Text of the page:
When David Cameron launched the Conservatives' battle to defend Rochester from a Ukip insurgency ahead of this week’s by-election, he instructed each of his party’s 303 MPs to make at least three trips to campaign in the constituency. The Tories, he said, are “throwing the kitchen sink” at the fight.
But now it appears that Conservative MPs have been sticking to the letter rather than the spirit of the Prime Minister’s edict – and have a rather loose interpretation of how much time “campaigning” involves.
For the last two days The Independent has set up shop outside Rochester train station to catch the comings and goings of Conservative MPs arriving to canvass for their candidate Kelly Tolhurst.
And of the 15 or so Tory MPs and ministers who have trooped through the station over the last two days, less than a third managed to stay longer than two hours, including some senior Tories who might be expected to be setting an example to their colleagues. Take, for example, William Hague, the Leader of the House, who went canvassing in Cliffe Woods on Monday. He arrived in the constituency shortly after 11am and spent just 23 minutes wooing voters with Ms Tolhurst.
By 12.20 Mr Hague was back at Rochester station buying a sausage butty (and a sausage roll) for the journey back to Westminster.
Then there was Jake Berry, who works as Parliamentary Private Secretary to the Tory Party Chairman, Grant Shapps, who is running the Tory campaign.
He arrived at Rochester station just before 11.20am on Monday with Rob Wilson, the recently-promoted Minister for Civil Society. Looking purposeful, they strolled towards the town centre. But within the hour they were back. “I’ve done my stint and a little bit more,” claimed Mr Wilson. “I’ve been three times in the last week and would have stayed longer if my train hadn’t been cancelled and I’d not had to get back for a meeting in the department.”
Next up was the Cabinet minister and Cameron confidant Oliver Letwin, who arrived at Rochester at 13.15. He managed a little longer than the others but was still back in time to catch the 14.52 train to London Victoria.
John Hayes, the Transport Minister and senior Parliamentary advisor to Mr Cameron, said he had managed to speak to “30 or 40 people” during his 80-minute visit.
“I love campaigning,” he said. “I’m going to be back every day this week until polling day.”
The former Environment minister Greg Barker and Tory backbenchers David Ruffley and Charles Walker spent two hours campaigning over lunchtime.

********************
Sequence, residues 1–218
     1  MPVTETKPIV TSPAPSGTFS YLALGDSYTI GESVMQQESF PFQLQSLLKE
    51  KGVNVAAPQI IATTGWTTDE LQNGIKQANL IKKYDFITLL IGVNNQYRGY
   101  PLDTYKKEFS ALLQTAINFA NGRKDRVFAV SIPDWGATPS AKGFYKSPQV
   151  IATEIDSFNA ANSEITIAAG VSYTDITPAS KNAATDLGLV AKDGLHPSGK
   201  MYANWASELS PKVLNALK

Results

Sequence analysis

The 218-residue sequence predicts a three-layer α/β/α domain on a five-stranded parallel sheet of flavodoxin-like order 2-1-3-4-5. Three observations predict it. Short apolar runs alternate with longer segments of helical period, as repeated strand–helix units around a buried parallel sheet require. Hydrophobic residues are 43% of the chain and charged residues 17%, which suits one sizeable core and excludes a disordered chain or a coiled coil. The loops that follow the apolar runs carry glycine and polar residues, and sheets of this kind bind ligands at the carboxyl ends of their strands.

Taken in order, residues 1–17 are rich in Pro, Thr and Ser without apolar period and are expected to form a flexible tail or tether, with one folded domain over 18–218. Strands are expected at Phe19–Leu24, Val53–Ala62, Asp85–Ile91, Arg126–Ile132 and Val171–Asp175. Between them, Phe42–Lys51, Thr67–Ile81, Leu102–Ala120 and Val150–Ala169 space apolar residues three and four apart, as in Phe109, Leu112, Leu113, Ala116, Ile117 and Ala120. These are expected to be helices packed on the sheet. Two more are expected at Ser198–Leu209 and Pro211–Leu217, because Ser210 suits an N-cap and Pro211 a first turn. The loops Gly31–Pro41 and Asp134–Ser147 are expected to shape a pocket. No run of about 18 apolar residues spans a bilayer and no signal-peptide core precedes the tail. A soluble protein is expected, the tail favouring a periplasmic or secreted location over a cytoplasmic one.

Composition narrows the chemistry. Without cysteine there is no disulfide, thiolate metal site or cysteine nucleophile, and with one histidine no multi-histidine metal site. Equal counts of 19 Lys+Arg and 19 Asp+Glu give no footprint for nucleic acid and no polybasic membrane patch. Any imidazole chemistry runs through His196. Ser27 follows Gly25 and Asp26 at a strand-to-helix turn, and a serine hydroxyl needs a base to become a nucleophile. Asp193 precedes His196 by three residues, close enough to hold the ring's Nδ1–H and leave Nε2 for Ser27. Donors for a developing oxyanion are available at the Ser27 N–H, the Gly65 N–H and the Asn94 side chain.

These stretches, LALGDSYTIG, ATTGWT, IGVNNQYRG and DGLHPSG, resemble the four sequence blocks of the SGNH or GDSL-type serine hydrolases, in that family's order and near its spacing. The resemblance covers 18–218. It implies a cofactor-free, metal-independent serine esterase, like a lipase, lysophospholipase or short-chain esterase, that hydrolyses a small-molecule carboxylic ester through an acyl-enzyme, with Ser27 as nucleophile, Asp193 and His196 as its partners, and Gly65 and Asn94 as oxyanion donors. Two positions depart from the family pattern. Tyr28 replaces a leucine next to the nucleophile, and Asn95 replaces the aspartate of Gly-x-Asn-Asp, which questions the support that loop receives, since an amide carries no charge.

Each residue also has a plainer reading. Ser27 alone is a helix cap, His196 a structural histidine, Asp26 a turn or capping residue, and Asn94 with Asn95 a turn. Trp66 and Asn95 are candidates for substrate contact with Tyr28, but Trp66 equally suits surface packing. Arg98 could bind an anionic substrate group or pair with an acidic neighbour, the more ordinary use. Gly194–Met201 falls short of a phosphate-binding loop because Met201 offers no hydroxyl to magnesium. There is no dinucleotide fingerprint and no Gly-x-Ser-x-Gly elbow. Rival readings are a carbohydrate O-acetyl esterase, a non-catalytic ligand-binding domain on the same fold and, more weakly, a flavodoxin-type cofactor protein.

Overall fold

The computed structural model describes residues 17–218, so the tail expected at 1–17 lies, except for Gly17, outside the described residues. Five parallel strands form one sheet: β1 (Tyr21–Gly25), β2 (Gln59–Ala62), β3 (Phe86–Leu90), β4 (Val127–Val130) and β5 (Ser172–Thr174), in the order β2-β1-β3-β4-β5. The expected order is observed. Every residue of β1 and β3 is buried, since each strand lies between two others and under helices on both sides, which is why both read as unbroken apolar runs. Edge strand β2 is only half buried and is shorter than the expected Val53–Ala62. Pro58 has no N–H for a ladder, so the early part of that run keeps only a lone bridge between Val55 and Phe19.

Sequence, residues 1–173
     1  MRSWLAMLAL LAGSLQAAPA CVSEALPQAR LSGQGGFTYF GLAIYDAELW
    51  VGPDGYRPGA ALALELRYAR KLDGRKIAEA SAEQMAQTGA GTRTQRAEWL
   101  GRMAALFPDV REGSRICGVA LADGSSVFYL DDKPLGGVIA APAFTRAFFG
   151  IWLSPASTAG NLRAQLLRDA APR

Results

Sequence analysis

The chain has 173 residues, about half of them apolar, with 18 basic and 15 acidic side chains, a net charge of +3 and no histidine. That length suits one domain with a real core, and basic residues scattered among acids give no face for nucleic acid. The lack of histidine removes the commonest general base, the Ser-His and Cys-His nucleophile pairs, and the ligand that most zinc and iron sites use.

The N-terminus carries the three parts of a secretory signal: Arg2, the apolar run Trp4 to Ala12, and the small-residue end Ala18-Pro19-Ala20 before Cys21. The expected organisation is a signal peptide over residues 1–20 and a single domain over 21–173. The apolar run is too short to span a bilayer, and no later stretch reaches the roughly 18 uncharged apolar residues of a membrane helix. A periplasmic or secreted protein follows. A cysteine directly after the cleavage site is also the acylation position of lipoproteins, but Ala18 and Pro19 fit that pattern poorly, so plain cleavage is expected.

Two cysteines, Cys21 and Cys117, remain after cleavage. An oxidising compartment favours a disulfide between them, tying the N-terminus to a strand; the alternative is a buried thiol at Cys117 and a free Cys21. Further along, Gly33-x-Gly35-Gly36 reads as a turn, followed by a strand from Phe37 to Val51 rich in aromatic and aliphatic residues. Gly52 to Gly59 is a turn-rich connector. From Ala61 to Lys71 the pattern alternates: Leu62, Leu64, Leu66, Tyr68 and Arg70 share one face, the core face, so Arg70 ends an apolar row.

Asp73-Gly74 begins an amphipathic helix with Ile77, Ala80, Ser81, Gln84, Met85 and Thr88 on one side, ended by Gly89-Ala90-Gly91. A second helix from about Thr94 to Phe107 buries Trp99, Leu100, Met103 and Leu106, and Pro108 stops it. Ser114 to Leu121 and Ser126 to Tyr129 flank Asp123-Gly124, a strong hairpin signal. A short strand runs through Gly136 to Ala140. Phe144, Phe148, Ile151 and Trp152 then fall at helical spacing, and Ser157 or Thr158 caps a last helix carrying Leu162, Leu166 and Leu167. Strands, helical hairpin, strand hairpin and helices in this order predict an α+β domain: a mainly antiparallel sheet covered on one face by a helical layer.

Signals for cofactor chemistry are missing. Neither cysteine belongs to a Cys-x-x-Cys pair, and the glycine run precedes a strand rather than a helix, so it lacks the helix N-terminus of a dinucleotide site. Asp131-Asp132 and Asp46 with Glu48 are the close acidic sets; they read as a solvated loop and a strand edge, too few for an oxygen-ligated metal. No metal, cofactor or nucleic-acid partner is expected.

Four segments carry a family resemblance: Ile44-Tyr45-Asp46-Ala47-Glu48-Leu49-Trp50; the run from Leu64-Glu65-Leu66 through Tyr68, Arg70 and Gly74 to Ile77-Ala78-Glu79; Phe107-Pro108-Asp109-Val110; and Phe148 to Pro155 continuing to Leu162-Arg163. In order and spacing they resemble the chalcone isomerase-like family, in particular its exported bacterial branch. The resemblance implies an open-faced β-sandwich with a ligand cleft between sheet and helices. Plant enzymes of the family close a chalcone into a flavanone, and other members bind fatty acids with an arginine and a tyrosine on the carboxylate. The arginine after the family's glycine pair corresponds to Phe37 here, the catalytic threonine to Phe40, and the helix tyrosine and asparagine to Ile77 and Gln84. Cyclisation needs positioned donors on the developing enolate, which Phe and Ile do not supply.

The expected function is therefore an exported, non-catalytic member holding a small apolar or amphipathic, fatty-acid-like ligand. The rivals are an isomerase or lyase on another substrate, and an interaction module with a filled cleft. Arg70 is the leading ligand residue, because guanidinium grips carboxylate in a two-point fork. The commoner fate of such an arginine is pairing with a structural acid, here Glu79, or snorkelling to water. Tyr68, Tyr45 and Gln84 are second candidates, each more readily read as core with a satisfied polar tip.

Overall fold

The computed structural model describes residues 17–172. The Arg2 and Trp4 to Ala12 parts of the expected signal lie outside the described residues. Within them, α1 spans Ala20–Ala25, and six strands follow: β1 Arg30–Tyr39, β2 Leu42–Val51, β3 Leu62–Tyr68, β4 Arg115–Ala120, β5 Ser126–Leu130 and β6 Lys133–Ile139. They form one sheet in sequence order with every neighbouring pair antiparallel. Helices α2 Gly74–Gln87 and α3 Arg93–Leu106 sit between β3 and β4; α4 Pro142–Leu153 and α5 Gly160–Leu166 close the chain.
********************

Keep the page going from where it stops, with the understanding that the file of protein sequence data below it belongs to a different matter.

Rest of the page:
“We had a jolly and delightful two hours,” said Mr Walker. “But it is difficult when the House is sitting to juggle your commitments.”
David Jones, the former Welsh Secretary, was on his way back to London at 12.23 having spent the morning in Rochester.
“I’ve done half a day. I don’t think that’s too bad,” he joked.
Some Conservative MPs have privately admitted frustration at being told to spend time campaigning in an election which senior Tories expect to lose.
“It doesn’t help that we’re being told to go out there when CCHQ have already admitted we’re going to lose. It goes from being a campaign to being a box-ticking exercise.”
Another added: “Having eviscerated the voluntary party the leadership are calling on MPs to go and be post boys and girls for three days at a time when they have got other serious jobs to do.
“If you were being unkind you would say it’s like being run by public school prefects rather than people running the country.”
Others were more emollient. Jason McCartney, MP for Colne Valley, who spent an hour and half campaigning on Tuesday said he had only stayed for a short time because he was summoned back to the Commons by whips to take part in a vote.
He said it was deeply unfair to criticise MPs for not staying longer.
“This was my second visit. I’m a Yorkshire MP. I work every day of the week in my constituency. It was half term last week and I worked every single day. I live in my constituency and unfortunately it’s a long way to go.
“There are probably people who haven’t even been once."
The MP who has been mysteriously absent from the Conservative effort altogether has been its star campaigner Boris Johnson. But for once that’s not been Boris disloyalty – he has been obeying orders.
“Given Boris wants to build a massive airport in the constituency, he’s not the most popular person in the party – around here at least,” said a Conservative source.
“It was decided our chances were better if he stayed away.”Reuse content